Following is an example in which the testing of exemplary sample nonvolatile memory devices 20 has determined that up to 20 suspends can be tolerated for program time intervals of less than 150 microseconds, up to 15 suspends can be tolerated for program time intervals of more than 150 microseconds and up to 250 microseconds, and up to 10 suspends can be tolerated for program time intervals of more than 500 microseconds and in which further suspends are prevented in step 505. In this embodiment, PTT1 is set at 150 microseconds, which is less than a third of the duration of the program pulse used by nonvolatile memory device 20 and PTT2 is set at 500 microseconds. The first program-suspend limit is set at 20, the second program-suspend limit is set at 15 and the third program-suspend limit is set at 10. Each time a suspend is performed having a time within the first interval (less than or equal to 150 microseconds) the counter for the short duration sum is incremented by one. Each time a suspend is performed having a time within the second interval (more than 150 microseconds and less than or equal to 500 microseconds) the counter for the medium duration sum is incremented by one. Each time a suspend is performed having a time within the third interval (more than 500 microseconds) the counter for the long duration sum is incremented by one. When the first program-suspend limit reaches 20, the second program-suspend limit reaches 15 or the third program-suspend limit reaches 10 further suspends are prevented (or the number of P/E cycles is incremented).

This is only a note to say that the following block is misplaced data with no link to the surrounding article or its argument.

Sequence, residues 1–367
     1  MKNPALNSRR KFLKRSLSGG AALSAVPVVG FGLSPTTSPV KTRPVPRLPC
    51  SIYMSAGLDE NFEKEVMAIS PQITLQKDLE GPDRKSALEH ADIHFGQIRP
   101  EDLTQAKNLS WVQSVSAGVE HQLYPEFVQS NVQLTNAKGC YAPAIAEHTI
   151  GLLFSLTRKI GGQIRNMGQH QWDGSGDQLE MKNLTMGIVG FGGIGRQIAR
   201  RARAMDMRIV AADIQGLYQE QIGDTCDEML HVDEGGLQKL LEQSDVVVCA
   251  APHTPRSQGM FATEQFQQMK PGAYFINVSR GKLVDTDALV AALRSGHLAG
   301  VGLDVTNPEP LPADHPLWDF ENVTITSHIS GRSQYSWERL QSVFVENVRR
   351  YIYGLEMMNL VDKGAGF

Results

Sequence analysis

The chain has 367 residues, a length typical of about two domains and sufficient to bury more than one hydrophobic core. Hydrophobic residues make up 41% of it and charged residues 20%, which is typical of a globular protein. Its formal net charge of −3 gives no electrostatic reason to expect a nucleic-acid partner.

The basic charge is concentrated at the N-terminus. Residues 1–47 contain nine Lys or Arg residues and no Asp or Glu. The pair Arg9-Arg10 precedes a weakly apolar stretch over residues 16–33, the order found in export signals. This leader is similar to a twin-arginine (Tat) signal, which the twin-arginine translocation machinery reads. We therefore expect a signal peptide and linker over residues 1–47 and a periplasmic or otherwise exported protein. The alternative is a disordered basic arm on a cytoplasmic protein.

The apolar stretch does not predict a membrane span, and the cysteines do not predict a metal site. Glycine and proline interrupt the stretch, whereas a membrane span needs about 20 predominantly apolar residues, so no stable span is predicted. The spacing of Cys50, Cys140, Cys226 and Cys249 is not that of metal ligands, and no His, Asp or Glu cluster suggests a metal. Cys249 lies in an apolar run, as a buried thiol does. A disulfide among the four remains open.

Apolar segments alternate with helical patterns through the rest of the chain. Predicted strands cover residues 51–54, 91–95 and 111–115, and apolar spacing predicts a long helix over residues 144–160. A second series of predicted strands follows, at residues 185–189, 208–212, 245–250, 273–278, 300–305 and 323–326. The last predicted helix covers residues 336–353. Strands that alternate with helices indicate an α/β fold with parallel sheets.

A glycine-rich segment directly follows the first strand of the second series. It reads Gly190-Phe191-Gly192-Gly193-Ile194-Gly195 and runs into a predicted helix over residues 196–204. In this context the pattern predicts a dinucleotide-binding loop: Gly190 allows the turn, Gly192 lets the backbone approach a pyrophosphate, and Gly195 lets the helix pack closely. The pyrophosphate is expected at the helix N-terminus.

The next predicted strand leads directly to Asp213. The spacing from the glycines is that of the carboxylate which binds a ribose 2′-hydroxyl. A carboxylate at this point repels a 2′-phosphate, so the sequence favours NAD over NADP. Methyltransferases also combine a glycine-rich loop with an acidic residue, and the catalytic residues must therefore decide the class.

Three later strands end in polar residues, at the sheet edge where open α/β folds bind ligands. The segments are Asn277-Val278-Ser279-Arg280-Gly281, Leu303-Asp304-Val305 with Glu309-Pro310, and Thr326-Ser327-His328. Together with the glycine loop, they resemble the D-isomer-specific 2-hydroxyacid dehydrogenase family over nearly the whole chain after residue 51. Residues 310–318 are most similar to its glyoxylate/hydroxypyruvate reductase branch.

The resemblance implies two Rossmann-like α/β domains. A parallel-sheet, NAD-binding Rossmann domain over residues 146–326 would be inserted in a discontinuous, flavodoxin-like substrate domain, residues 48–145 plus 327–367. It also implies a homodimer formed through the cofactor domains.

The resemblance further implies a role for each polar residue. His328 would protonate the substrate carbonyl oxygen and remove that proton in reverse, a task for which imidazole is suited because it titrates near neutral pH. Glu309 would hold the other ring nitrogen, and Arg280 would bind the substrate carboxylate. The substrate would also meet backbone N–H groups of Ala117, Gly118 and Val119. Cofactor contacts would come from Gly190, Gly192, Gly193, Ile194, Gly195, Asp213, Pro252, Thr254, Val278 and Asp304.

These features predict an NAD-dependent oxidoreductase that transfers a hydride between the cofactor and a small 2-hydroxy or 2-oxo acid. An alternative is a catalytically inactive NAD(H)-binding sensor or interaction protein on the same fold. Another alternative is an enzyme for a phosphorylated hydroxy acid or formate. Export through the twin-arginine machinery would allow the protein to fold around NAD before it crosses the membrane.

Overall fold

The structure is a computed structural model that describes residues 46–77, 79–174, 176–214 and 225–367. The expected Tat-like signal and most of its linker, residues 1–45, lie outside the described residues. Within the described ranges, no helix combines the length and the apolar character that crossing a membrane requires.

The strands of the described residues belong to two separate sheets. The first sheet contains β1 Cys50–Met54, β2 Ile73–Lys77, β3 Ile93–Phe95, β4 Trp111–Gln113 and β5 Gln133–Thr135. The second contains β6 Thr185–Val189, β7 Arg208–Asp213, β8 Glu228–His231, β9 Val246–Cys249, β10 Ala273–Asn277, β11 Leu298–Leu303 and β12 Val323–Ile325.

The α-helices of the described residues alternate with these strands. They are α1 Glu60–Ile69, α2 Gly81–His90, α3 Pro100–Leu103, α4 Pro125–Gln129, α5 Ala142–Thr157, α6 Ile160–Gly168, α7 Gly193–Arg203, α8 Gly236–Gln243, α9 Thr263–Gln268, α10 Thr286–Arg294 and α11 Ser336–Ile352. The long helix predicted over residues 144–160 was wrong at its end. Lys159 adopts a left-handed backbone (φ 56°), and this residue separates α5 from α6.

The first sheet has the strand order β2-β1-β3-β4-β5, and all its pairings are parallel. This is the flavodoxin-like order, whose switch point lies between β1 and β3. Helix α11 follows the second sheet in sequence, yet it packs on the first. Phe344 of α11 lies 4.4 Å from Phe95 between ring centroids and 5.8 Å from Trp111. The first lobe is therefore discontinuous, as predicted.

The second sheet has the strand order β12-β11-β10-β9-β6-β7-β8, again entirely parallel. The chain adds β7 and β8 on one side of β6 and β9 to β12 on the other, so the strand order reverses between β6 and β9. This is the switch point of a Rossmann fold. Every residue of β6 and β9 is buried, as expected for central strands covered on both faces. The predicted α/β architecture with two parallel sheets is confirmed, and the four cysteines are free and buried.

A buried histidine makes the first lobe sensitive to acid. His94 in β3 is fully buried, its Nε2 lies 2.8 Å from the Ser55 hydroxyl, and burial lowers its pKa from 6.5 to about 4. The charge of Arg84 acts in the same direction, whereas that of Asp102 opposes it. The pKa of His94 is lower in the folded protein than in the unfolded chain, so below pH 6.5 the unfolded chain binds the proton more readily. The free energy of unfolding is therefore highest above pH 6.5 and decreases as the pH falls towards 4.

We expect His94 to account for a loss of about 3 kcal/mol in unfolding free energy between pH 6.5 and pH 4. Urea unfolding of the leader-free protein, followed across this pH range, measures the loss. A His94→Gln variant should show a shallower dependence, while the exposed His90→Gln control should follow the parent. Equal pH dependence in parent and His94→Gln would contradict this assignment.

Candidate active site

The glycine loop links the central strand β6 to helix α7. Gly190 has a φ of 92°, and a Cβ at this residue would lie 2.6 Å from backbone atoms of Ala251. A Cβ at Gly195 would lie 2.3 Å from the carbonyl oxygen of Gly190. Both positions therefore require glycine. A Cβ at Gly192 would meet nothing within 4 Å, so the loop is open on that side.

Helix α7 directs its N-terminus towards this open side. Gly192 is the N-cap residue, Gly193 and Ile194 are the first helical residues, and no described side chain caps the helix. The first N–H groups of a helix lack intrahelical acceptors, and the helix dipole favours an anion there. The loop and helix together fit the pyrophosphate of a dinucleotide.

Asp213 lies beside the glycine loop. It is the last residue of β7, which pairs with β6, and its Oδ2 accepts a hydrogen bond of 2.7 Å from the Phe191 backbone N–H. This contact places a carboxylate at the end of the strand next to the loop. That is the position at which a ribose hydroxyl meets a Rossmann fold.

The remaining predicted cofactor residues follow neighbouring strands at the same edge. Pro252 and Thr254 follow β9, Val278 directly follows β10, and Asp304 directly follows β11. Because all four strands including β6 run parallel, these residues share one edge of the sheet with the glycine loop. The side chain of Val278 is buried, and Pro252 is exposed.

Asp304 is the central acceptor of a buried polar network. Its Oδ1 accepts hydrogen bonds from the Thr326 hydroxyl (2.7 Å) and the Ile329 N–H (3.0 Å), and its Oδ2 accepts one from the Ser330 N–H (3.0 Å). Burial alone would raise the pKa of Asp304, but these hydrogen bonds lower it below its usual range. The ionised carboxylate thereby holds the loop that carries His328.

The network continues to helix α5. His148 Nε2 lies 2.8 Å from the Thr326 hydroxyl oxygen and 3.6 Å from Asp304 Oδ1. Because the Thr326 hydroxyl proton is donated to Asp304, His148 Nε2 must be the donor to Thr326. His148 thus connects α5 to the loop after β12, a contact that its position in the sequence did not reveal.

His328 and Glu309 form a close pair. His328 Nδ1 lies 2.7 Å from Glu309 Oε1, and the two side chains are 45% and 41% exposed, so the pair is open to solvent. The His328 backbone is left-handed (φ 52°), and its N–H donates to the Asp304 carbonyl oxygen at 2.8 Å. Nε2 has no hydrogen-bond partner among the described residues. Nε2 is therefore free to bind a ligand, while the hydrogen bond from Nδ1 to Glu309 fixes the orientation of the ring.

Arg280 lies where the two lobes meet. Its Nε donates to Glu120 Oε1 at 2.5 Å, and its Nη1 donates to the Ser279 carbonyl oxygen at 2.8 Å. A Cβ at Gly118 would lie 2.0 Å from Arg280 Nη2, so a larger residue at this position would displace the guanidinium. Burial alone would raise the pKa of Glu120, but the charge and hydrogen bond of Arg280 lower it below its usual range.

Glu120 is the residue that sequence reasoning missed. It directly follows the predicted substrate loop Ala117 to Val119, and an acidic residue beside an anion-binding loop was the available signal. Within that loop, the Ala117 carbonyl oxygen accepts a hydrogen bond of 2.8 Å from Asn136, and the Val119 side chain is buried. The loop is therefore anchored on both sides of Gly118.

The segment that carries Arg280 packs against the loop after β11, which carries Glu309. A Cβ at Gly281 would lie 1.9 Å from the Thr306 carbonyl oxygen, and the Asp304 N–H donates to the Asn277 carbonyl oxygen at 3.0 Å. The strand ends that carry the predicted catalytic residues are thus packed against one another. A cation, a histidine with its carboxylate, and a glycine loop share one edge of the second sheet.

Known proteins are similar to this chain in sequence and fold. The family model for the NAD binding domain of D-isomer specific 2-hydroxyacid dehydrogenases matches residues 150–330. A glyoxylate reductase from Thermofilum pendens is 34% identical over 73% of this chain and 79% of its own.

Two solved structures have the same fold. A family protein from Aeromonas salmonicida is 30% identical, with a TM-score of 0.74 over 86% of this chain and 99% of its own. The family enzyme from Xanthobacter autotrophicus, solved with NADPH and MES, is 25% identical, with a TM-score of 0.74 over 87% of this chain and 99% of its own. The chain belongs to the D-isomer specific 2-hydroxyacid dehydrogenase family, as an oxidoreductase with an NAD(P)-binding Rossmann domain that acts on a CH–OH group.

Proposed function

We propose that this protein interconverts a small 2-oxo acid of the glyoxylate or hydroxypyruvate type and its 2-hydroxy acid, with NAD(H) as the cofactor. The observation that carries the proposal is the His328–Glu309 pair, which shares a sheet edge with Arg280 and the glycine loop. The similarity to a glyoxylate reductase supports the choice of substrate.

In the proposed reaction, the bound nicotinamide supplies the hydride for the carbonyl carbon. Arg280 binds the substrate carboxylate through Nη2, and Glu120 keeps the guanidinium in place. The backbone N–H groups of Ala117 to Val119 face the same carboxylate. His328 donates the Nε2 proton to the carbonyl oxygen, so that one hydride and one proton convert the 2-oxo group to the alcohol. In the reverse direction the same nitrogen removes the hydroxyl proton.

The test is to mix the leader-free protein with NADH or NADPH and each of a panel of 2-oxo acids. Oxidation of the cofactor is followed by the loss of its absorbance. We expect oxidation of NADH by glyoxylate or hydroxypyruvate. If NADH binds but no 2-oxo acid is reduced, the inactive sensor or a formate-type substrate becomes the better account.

By allowing more short-duration-program-time suspends than medium-duration-program-time suspends, and more medium-duration-program-time suspends than long-duration-program-time suspends, the method and apparatus of the present invention maintain BER of nonvolatile memory devices 20 within the range required to maintain manufacturer-specified endurance and retention specifications while allowing for a sufficient number of program suspends of nonvolatile memory devices 20 to meet QoS requirements.